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Re: [Emacs-diffs] master f6b5db6: Add support for generators

From: Daniel Colascione
Subject: Re: [Emacs-diffs] master f6b5db6: Add support for generators
Date: Tue, 03 Mar 2015 13:06:36 -0800
User-agent: Mozilla/5.0 (X11; Linux x86_64; rv:31.0) Gecko/20100101 Thunderbird/31.5.0

On 03/03/2015 01:03 PM, Daniel Colascione wrote:
> On 03/03/2015 11:35 AM, Stefan Monnier wrote:
>>>> Do we want to document it as a function?  Maybe it would be better to
>>>> document it as an "object" of unspecified implementation (i.e. calling
>>>> it via funcall rather than via iter-next is unsupported).
>>> The iterator is an opaque object; a generator (of which an iterator is
>>> an instance) is always a function. How can I make that clear?
>> As I mentioned a bit further, the explanation about the difference
>> between an iterator and a generator clarifies this, but comes
>> a bit late.
> Right. I'm not sure that level of detail is appropriate for the chapter
> introduction though.
>>>> To get back to iter-close, this seems to be a tricky aspect of the
>>>> implementation.  Could you give me more details, such as an example
>>>> problematic case where calling iter-close makes a difference?
>>>> I guess this has to do with those finalizers, so if you could explain
>>>> how/why these are used, I'd really appreciate it.
>>> In conventional Emacs Lisp, we're able to use unwind-protect to clean up
>>> resources. I'd like generator functions to be as similar to regular Lisp
>>> code as possible, and without support for closing iterators, preferably
>>> automatically after GC, we'll violate this user expectation. Sure, it's
>>> probably possible to work around the absence in specific cases, but
>>> having to very careful will lead to leaks. The Python people had to add
>>> a very similar feature in PEP 342 for much the same reason.
>> I'm inclined to believe you that it's needed, but I'd really like to see
>> some good explanation for why, probably with a motivating example.
>> Ideally in a comment somewhere.
> I don't have one yet, and that's mostly because the higher-level
> facilities I want to build on top of generators don't exist yet. In
> particularly, I'd like to build something that makes process filters
> easier to write, that would allow you to write something like
>   (let ((line (iter-yield-from (easy-filter-read-line-async mumble)))
>     ;; Emacs runs while we're reading the line!
>     (do-something line))
> I don't want to iter-close later: if we add it, we'll change the
> semantics of existing unwind-protect blocks. It feels better to do it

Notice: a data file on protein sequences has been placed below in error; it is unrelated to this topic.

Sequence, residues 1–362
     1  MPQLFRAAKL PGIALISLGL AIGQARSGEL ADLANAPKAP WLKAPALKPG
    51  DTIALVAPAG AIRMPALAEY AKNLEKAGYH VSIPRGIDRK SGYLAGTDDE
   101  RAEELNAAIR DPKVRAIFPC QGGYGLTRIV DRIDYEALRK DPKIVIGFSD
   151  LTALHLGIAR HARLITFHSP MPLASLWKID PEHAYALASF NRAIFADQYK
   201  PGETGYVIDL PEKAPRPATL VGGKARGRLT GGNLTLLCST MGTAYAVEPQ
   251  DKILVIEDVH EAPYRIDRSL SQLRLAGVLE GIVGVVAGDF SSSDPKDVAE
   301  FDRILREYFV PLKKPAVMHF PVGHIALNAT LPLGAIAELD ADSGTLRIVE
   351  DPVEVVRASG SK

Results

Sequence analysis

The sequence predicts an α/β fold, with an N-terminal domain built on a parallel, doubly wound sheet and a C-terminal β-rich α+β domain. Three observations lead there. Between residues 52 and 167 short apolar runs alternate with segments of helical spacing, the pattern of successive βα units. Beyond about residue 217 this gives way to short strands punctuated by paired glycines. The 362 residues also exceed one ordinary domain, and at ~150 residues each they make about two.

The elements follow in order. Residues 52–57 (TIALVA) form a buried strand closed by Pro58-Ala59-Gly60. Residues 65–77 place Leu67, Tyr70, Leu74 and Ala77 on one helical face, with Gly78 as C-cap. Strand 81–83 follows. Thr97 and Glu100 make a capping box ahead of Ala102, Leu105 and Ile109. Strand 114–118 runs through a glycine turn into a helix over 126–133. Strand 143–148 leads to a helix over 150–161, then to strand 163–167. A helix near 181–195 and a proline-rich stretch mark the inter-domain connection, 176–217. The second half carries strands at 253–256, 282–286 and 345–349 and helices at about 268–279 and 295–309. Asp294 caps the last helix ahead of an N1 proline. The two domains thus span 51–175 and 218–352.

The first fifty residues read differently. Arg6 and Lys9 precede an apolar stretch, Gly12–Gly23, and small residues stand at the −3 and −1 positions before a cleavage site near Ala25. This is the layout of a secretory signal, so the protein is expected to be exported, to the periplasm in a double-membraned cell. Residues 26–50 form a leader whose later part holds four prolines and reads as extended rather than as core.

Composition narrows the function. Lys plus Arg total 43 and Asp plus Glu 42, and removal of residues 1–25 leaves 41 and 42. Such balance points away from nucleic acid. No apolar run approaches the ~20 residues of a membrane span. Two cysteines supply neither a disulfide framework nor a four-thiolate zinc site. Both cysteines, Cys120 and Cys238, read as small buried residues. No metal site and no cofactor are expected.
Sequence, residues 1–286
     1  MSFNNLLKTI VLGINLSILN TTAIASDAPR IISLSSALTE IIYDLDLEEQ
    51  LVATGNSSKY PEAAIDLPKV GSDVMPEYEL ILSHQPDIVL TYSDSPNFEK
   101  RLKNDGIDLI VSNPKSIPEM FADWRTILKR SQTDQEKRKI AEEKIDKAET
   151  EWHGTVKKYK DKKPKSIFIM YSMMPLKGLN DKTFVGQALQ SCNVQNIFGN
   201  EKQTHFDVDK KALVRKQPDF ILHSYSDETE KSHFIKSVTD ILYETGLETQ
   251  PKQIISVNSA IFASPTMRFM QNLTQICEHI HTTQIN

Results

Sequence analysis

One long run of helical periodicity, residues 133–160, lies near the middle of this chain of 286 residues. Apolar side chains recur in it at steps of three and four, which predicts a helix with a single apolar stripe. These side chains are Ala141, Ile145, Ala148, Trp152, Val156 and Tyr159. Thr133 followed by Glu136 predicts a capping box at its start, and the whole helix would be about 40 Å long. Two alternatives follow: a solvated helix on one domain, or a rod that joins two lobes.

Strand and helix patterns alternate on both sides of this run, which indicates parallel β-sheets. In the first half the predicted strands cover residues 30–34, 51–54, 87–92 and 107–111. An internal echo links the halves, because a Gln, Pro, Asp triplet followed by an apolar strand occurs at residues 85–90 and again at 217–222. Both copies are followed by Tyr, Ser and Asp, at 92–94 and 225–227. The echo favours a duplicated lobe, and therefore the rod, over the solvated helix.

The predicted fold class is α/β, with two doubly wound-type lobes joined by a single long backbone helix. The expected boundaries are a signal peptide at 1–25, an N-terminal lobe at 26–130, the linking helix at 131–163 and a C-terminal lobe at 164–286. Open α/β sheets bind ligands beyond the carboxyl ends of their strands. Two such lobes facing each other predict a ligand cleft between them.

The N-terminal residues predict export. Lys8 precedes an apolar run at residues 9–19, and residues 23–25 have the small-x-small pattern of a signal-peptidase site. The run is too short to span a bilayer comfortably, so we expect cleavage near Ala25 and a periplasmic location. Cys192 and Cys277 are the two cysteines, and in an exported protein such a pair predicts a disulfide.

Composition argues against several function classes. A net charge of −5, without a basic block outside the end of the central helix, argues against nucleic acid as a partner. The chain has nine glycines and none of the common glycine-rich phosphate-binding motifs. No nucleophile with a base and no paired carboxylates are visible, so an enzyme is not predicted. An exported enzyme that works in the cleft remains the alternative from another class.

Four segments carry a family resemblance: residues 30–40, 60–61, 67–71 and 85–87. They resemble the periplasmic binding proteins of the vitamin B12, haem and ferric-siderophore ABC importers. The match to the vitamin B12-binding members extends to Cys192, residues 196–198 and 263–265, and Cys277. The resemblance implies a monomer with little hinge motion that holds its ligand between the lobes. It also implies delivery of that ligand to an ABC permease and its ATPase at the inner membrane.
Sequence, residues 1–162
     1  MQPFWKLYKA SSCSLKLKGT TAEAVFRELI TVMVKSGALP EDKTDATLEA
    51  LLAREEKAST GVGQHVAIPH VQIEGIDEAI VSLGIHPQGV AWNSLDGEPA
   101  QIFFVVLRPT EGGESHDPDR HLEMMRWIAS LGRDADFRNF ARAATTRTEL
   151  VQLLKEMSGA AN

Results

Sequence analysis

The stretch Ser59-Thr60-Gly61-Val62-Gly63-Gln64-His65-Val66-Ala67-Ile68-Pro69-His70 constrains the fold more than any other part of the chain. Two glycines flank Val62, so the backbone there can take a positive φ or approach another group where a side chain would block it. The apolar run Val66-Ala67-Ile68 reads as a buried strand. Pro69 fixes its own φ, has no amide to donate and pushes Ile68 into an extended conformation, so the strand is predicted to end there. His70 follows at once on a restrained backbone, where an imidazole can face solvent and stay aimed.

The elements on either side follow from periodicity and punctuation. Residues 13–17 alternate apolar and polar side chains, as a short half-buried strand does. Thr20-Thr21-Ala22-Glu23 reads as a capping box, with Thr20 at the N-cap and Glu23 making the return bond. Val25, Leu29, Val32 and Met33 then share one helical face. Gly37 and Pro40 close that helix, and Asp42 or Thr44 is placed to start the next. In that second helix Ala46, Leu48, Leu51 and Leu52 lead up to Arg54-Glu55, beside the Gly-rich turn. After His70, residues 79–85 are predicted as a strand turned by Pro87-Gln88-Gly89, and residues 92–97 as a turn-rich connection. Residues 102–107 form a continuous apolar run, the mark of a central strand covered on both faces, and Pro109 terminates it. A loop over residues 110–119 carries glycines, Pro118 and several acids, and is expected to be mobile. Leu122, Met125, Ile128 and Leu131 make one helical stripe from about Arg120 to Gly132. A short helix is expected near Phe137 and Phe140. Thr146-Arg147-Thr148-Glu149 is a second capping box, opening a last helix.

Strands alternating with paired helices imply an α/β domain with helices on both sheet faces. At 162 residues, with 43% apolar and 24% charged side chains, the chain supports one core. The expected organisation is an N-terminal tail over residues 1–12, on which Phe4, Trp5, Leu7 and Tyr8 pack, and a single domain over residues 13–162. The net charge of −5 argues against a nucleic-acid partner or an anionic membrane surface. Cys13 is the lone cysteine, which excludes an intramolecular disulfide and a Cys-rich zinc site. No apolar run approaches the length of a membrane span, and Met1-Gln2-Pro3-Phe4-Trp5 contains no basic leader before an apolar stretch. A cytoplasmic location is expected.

> right from the start. I can think a few possible resources we might want
> to clean up: what if we want to unload a module when it's no longer
> needed? Kill a hidden buffer? Remove overlays? Kill a subprocess? Delete
> a file?
>>>>> +  (let* ((state (cl-gensym (format "cps-state-%s-" kind))))
>>>> ^^^^^^^^^
>>>> Elisp prefers make-symbol.
>>> cl-gensym makes it possible to actually read the code the macro
>>> produces. A wrapper that conditionally calls make-symbol should suffice.
>> A wrapper is not worth the trouble.
> I added one already. Mind leaving it there?
>> As for making `make-symbol' code readable, I use (setq print-gensym t)
>> and/or (setq print-circle t).
>>> Yes, we probably should --- but if we do that, we should impose some
>>> kind of sane time limit on unwind-protect unwindforms in order to avoid
>>> freezing Emacs. That is, we should be able to recover from
>>> (unwind-protect nil (while t)) without having to attach a debugger or
>>> send a signal.
>> We should be able to recover from an inf-loop inside inhibit-quit in any
>> case, yes.  Normally C-g C-g C-g does it, but it kind of defeats the
>> purpose in this case since users my lean on C-g without realizing that
>> it has a different meaning.
>>>> `(iter--blabla ,value (lambda (x) (iter-yield x)))
>>> What do you mean?
>> Move the unwind-protect and the loop into a separate higher-order function.
> I'm not sure that would help. We need to keep the `iter-yield' in the
> body of the calling function in order to be correct.
>>> Fixed in a subsequent commit. Manually, though: maybe
>>> macroexp-parse-body is the right thing.
>> Yes, it's the new thing recently introduced, so that it handle "all" the
>> special declaration-like thingies (docstrings, declare, cl-declare, you
>> name it).
> Neat. Fixed. It's a shame we can't use it in `defmacro'.

It's buggy for empty functions:

ELISP> (macroexp-parse-body '("foo" (declare indent 5)))
 (declare indent 5))

ELISP> (macroexp-parse-body '("foo" (declare indent 5) nil))
  (declare indent 5))

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